My family and I have always suffered with weight problems. As a child, I was on the brink of obesity many different times. Most of these times it was always the same cycle I’m sure some of you have also been through: gain enough weight so that your parents (who are also overweight) decide you need to go on a diet, lose a few kilos, much too few to be healthy, then progressively gain the weight back again. 

This cycle followed me through my school years. Sometimes it would be a few months without a diet and other times less. It wasn’t only me, my brothers, my mother, aunt etc… When I was 16 years old my grandmother died of obesity related illnesses. And you would think that would be enough for something to ‘shift’ in my mind. Well it wasn’t, that only made me hide deeper in my problems. To a point where the Pizza Hut guy knew me on a first name basis. Being 16 in Belgium means that alcohol and cigarettes were cool, and a bigger factor that only made things easier to ‘escape’. It’s too easy for me to blame it on my surroundings, my families’ way of living or my friends but I do think that following blindly without asking questions is what sunk me in this hole. We are all made to question things, decisions and go against the common saying, ‘’ Well that’s how it has always been done’’.

I finally had enough of what my parents wanted me to do and I decided to break the cycle. I’ve always been a sporty person but I only really discovered running when I was 20 years old. Running gave me a new way to escape my problems, and even fix some. It gave me time to think, time to find out who I really was and if I was where I wanted to be with my life. 5 years later and I am a semi-professional long distance runner.

Running really started like how it does for most people. Going around the block just making it to 4k and dreading every last minute of it. Most of my runs were like this until I found that it was much more than just about the distance. It was about the challenge.

Things suddenly got a lot more serious after that. I ate up running articles and books for breakfast. Running finally took meaning in my life, it defined who I was. 5 months after I started running I finished my first marathon in Paris, it was one of the greatest moments of my life. An amazing feeling of liberation and happiness I’d never experienced before. Although the training was strenuous and pushing myself through the winter months is never easy, when I got to the race I knew all I had to do was try and enjoy the moment! I wasn’t worried about hitting splits, worrying about my carb intake or the famous tunnels and their ‘hills’ on the 27th km. I let my legs be pushed by the music I had put on my playlist and just went with it. On that first marathon I was even able to enjoy the run, until the 36th km that is.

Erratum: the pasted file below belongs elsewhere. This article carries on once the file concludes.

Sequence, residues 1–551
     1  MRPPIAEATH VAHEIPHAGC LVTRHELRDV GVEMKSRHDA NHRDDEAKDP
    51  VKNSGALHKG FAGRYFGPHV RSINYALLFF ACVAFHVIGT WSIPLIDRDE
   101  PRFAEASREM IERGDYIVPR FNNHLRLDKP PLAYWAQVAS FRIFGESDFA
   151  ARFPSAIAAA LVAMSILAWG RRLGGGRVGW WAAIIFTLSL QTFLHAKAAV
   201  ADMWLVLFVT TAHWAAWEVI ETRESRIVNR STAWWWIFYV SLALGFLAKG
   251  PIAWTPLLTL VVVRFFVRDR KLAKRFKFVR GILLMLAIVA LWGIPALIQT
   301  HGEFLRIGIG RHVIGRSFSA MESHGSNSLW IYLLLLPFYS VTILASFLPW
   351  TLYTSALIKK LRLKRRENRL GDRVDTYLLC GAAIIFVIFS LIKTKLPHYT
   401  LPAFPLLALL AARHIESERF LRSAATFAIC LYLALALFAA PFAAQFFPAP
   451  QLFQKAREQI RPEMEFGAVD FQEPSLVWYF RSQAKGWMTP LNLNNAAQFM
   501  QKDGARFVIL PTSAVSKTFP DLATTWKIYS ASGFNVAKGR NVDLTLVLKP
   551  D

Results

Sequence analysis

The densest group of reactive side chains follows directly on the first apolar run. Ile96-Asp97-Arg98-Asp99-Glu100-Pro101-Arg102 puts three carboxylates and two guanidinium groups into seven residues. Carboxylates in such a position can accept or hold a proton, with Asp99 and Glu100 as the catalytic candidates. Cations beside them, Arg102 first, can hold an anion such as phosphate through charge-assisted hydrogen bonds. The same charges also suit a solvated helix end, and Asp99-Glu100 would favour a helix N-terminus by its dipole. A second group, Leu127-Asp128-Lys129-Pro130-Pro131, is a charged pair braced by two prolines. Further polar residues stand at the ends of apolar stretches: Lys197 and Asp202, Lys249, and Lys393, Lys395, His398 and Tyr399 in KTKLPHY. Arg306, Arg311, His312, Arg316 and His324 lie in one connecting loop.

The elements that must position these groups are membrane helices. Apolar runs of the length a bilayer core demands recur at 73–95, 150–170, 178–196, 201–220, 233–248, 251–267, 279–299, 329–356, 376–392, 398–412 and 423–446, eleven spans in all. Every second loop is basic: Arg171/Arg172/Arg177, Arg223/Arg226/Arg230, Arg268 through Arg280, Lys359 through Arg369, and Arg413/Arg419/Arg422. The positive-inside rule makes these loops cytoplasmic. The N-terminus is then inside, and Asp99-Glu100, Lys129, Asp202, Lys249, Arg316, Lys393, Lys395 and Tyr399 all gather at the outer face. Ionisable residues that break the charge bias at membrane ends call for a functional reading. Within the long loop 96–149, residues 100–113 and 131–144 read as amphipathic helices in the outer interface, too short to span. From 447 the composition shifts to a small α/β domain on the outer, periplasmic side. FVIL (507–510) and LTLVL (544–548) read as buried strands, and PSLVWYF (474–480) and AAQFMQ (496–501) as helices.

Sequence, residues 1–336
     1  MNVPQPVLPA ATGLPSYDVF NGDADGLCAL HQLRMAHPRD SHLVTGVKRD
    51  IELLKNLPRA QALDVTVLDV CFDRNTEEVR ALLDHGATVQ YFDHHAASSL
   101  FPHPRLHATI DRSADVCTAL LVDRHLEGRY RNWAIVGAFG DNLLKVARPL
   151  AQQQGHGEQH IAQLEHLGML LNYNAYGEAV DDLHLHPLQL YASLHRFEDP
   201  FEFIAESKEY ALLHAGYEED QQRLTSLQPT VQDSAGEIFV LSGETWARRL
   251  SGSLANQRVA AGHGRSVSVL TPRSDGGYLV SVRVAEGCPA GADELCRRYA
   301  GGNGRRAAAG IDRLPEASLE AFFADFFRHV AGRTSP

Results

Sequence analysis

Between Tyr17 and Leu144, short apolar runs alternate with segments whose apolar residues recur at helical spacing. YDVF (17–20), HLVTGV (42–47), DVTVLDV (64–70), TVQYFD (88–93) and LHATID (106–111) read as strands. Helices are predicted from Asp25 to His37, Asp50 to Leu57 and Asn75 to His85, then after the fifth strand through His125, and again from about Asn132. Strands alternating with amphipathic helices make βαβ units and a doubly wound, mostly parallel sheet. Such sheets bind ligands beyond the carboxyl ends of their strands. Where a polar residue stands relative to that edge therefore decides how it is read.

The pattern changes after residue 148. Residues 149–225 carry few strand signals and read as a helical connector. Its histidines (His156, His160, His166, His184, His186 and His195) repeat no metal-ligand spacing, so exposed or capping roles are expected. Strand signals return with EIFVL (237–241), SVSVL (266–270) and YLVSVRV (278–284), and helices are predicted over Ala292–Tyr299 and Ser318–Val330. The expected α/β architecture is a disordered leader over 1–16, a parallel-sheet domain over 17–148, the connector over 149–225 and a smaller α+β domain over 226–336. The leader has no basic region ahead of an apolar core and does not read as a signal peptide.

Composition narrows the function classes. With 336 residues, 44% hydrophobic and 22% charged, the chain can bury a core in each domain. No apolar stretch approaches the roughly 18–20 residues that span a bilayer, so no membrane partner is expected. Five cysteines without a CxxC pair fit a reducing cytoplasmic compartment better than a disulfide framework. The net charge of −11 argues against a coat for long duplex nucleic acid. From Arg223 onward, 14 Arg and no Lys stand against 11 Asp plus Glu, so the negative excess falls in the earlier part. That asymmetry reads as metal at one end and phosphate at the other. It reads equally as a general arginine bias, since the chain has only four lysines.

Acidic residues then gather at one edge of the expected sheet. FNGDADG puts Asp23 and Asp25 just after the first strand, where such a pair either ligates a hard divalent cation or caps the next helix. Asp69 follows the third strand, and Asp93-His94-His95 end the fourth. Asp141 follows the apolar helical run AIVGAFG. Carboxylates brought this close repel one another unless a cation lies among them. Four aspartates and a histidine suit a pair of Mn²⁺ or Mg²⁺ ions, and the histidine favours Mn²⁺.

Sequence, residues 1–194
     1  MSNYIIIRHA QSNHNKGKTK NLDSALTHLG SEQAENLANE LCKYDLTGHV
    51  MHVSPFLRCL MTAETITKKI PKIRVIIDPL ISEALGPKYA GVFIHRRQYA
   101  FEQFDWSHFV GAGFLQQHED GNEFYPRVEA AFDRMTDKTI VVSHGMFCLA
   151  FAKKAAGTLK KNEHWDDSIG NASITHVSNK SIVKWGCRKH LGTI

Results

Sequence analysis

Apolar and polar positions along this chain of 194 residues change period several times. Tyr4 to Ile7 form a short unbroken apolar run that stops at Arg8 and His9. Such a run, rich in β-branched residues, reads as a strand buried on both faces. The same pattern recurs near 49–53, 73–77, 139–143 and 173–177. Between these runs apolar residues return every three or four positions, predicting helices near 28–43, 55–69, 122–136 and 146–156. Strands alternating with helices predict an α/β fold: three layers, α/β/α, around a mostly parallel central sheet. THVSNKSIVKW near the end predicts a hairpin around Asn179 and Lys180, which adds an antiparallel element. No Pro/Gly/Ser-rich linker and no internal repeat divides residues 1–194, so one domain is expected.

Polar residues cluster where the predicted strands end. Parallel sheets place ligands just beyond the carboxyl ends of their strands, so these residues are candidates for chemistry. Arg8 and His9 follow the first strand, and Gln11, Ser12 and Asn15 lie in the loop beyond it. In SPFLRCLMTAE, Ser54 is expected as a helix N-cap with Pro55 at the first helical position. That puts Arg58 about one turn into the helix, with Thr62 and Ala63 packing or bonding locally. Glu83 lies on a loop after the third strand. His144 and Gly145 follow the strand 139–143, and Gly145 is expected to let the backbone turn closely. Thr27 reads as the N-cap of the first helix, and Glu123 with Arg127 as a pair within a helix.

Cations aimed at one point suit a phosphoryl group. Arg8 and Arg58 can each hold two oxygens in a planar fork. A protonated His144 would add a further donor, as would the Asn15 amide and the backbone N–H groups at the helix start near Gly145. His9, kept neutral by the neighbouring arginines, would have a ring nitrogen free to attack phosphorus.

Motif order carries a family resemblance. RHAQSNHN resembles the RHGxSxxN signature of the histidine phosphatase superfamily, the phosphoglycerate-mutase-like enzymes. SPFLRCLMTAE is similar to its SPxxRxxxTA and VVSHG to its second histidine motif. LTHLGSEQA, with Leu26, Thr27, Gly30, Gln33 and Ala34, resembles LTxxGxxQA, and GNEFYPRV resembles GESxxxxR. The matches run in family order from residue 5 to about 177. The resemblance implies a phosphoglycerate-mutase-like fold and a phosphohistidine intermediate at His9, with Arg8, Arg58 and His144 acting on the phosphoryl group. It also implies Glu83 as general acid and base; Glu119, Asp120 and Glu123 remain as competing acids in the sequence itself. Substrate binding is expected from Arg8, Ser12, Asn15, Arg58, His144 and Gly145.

Paris Marathon 2013 - First marathon! 3:15:30

Paris Marathon 2013 - First marathon! 3:15:30

In fact, I’ve found that the more I focus on the clock, the splits or distance, the worse I will race. The more I forget about all the training and just go for it and let the legs do the talking is the better I’ll perform.  

I strongly believe that people worry too much about their running and they forget to enjoy it. They’ll try to apply a mathematical equation to running a marathon, or a 10 step plan into completing their 100 miler. Through all this they’ll find themselves stuck between gel 3 and 4 or in the first leg of an ultra, worried about the next kilometre and suffering because of the previous one.

Don’t get me wrong. I live for and somewhat with running which means I do study the science behind it. I train my ass off for it, put in the track sessions and hill repeats. But once I get to a race it’s all about forgetting the training and having fun trying to express myself from start to the finish. At that point, it could be anything from letting myself slide on my ass down a 33km ski slope whilst passing the struggling runners that had the sense to stay up on their feet or doing the airplane arms dance that went out of fashion before I was even born.

Recently I decided I wanted to share my experience. I wanted desperately to break from the status quo that is going on at the moment. People are being more and more openly critical or racist on the internet. I wanted to do something that linked my experience with a positive message for this world.

Grand Raid des Pyrénées 165km - finished 18th in 32 hours

Grand Raid des Pyrénées 165km - finished 18th in 32 hours

A few months ago I decided that I wanted run from the north to the south of Europe to raise money against childhood obesity and to bring a sense of unity in Europe. It is a 5200km trip that will take me around 70 days. I’m inviting people to donate and help out. But I also plan on inviting people to join me on the run. I want to help people push themselves. Get off the couch and go outside. To break the status quo, ask their own questions and do what they believe is right for them!

I want people to discover by themselves that they can do a lot more than they believe they’re capable of doing. The only way I can try to show this to others is by applying this to myself, which is why I’ve once again decided to do something I have no track record in doing. But damn if I’m not going to give everything I’ve gotten to raise that money and get to that finish line!

Relay for life 24h run. Probably around 10am so 18 hours in and around 140km done. 

Relay for life 24h run. Probably around 10am so 18 hours in and around 140km done.